• 16. CURRENT COST ACCOUNTING ADJUSTMENTS Operating OPERATIONAL TERM Capital the company’s capacity to Financial produce goods and services FINANCIAL TERM Maintenance the value of shareholder's equity Capital Maintenance
  • 17. CURRENT COST ACCOUNTING ADJUSTMENTS • Value adjustment • Variation in the • P&L effect of higher depreciations to be of fixed assets to annual calculated on the the current depreciation rate difference of current cost identified value. between opening and closing value of previous financial years. Revaluation/de Additional Backlog -valuation of depreciation depreciation fixed assets • Differences between the operating costs of an used asset and MEA operating costs. Operating costs
  • 18. CHOICE OF DEPRECIATION METHOD There are two methods by which CCA depreciation may be calculated: Ratio method Roll-forward method FORMULA CCA depreciation = (GRC open + CCA depreciation = historic GRC close)/(GBV open + GBV close) depreciation x (GRC/GBV) x historic depreciation simple to implement, and more widely applicable, works effectively when the including where there are high levels of recent additions are levels of additions but more low, and volumes of the asset complicated to calculate. are stable.
  • 19. MEA Calculation Assuming no operating cost or economic life differences between the existing and MEA, in: net charge of 60,000 (being The reduction written-back the net fall in in the gross RC depreciation of the asset value of 90,000 30,000 as an impairment).
  • 20. CURRENT COST ACCOUNTING ADJUSTMENTS A company purchased an asset for 1 000 in January 2007. It holds it for a year and sells it for 1 600 when the replacement cost for the asset was 1 200. Historically, a profit of 600 has been made. This profit can be analyzed as follows: Profit for 2007 € Historical cost profit (1600 – 1000) 600 Less Holding gain (1200 – 1000) 200 Current cost profit (or operating gain) 400 if the historical cost depreciation is 4,000 and the current cost depreciation is 7,000, the adjustment should be 3000 as follows: Depreciation based on historical cost 4000 Adjustment needed to bring depreciation Charge to current cost accounting basis 3000 Current cost depreciation 7000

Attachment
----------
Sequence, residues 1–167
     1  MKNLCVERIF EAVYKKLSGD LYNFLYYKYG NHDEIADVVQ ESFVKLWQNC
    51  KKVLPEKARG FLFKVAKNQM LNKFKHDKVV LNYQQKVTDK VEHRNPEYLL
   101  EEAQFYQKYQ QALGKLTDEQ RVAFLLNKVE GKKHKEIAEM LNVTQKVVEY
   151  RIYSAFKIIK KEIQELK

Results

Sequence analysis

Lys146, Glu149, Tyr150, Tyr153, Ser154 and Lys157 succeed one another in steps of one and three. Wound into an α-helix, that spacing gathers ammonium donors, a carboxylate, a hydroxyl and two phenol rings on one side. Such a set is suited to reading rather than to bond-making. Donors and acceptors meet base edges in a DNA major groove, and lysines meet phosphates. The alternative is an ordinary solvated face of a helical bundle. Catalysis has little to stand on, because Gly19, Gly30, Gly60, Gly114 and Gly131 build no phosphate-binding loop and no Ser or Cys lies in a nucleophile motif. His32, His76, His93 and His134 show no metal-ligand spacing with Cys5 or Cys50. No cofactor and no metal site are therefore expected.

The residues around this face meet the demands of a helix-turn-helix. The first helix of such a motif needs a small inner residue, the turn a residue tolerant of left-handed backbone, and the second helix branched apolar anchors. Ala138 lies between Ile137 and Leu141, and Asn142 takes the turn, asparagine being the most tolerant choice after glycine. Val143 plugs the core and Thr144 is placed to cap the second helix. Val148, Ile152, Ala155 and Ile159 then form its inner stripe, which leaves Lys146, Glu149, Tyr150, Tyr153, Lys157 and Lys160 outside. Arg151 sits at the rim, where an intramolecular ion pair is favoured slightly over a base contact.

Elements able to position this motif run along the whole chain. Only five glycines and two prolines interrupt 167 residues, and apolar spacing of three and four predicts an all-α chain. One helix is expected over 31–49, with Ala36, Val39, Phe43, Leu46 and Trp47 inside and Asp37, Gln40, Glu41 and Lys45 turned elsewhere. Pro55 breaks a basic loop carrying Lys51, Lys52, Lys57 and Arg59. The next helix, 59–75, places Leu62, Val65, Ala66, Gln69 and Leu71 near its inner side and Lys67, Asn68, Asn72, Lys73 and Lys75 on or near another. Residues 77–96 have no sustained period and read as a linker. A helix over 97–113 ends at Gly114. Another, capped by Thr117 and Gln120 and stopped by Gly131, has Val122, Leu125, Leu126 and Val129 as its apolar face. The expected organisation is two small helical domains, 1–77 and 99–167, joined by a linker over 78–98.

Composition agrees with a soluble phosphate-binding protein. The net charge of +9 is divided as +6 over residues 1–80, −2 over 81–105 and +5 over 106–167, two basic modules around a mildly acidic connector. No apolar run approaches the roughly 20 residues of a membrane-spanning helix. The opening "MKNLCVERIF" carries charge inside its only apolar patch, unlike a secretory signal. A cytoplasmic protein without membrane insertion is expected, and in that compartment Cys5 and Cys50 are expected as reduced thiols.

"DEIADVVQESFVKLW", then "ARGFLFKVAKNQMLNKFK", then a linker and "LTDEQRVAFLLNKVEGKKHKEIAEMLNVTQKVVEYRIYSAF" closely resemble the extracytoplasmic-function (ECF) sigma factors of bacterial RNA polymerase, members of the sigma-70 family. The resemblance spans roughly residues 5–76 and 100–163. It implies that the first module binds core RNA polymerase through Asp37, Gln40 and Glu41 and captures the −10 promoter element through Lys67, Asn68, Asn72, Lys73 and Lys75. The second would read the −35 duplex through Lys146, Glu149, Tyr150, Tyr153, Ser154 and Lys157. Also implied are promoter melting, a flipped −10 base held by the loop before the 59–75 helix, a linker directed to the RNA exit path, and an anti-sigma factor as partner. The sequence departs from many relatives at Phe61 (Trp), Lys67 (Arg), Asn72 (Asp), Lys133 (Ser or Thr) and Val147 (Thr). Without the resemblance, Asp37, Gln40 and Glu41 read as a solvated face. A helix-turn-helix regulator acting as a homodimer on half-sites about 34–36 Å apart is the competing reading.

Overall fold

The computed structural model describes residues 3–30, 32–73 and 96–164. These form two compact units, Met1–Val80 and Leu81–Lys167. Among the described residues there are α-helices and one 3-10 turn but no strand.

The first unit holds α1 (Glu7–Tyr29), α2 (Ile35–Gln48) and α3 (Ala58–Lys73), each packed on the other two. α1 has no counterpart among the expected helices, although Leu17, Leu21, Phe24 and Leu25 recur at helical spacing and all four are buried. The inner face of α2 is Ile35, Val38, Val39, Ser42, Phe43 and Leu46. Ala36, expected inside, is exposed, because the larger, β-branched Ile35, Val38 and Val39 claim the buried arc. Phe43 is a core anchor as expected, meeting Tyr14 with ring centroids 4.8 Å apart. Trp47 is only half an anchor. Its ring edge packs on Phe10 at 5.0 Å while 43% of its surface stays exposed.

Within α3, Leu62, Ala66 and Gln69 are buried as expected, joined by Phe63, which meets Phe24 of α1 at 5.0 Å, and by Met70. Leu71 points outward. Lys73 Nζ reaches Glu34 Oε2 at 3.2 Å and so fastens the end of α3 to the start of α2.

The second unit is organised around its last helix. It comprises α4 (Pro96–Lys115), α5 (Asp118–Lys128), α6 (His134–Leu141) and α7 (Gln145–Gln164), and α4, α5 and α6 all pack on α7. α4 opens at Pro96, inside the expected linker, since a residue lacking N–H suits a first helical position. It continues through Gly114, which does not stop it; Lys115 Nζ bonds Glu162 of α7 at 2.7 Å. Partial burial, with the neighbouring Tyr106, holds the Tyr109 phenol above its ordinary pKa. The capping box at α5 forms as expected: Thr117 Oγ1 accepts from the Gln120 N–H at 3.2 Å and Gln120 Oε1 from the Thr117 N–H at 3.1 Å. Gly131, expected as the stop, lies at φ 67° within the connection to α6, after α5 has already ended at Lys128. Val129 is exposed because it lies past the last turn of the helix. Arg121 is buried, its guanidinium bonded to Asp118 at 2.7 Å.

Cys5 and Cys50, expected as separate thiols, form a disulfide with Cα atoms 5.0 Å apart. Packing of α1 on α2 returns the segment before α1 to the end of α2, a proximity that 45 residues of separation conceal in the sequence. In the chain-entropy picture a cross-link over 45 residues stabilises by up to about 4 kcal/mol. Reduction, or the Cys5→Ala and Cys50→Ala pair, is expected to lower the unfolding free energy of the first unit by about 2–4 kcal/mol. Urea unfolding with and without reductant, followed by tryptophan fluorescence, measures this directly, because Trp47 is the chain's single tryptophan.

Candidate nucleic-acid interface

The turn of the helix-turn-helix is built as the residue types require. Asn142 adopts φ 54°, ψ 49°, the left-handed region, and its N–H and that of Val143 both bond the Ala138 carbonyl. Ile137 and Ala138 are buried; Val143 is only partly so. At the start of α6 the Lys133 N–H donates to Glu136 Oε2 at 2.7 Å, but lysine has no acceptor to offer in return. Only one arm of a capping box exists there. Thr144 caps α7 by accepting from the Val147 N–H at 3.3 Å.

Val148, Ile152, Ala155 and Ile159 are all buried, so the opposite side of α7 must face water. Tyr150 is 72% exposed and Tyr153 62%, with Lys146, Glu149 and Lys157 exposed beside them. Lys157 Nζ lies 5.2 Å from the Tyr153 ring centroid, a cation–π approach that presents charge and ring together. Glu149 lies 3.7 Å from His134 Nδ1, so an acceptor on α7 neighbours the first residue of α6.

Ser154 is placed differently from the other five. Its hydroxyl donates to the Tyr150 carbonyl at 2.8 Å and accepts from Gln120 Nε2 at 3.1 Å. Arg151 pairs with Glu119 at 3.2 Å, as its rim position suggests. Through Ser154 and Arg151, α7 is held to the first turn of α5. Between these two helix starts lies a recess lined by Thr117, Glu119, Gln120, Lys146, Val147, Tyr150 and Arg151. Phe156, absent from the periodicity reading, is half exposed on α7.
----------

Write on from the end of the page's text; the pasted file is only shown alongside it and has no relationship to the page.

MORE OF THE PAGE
• 21. Cost Adjustments (Example 1) Example 1 An asset in Bought at 10 000 € The expected life is 4 Years Linear depreciation Replacement cost decreases 10% per year Depreciation Replacement Year Replacement Historical Supplementary Cumulative Required Backlog Cost Cost 0 10 000,00 1 9 000,00 2 250,00 2 500,00 - 250,00 2 250,00 2 250,00 - 2 8 100,00 2 025,00 2 500,00 - 475,00 4 275,00 4 050,00 - 225,00 3 7 290,00 1 822,50 2 500,00 - 677,50 5 872,50 5 467,50 - 405,00 4 6 561,00 1 640,25 2 500,00 - 859,75 7 107,75 6 561,00 - 546,75 7 737,75 10 000,00 - 2 262,25 - 1 176,75 Derivation/explanation: - current cost is the gross replacement cost of the asset, - current cost depreciation is derived as the gross replacement cost divided by the asset life, - historical cost depreciation is the original acquisition cost divided by the asset life, - supplementary depreciation is the additional depreciation charged as a result of revaluing the asset, - cumulative depreciation is the sum of cumulative Historic cost depreciation at the end of the previous period, supplementary depreciation for the previous period and current cost depreciation for the current period. -'required` is the difference between the gross and net replacement cost of the asset, and - backlog depreciation is the difference between required depreciation and cumulative depreciation.
  • 22. Cost Adjustments (Example 2) Example 2 An asset in Bought at 10 000 € The expected life is 4 Years Linear depreciation Replacement cost is rising by 5% per year Depreciation Replacement Year Replacement Historical Supplementary Cumulative Required Backlog Cost Cost 0 10 000,00 1 10 500,00 2 625,00 2 500,00 125,00 2 625,00 2 625,00 - 2 11 025,00 2 756,25 2 500,00 256,25 5 381,25 5 512,50 131,25 3 11 576,25 2 894,06 2 500,00 394,06 8 406,56 8 682,19 275,63 4 12 155,06 3 038,77 2 500,00 538,77 11 720,95 12 155,06 434,11 11 314,08 10 000,00 1 314,08 840,98 Derivation/explanation: - current cost is the gross replacement cost of the asset, - current cost depreciation is derived as the gross replacement cost divided by the asset life, - historical cost depreciation is the original acquisition cost divided by the asset life, - supplementary depreciation is the additional depreciation charged as a result of revaluing the asset, - cumulative depreciation is the sum of cumulative Historic cost depreciation at the end of the previous period, supplementary depreciation for the previous period and current cost depreciation for the current period. -'required` is the difference between the gross and net replacement cost of the asset, and - backlog depreciation is the difference between required depreciation and cumulative depreciation.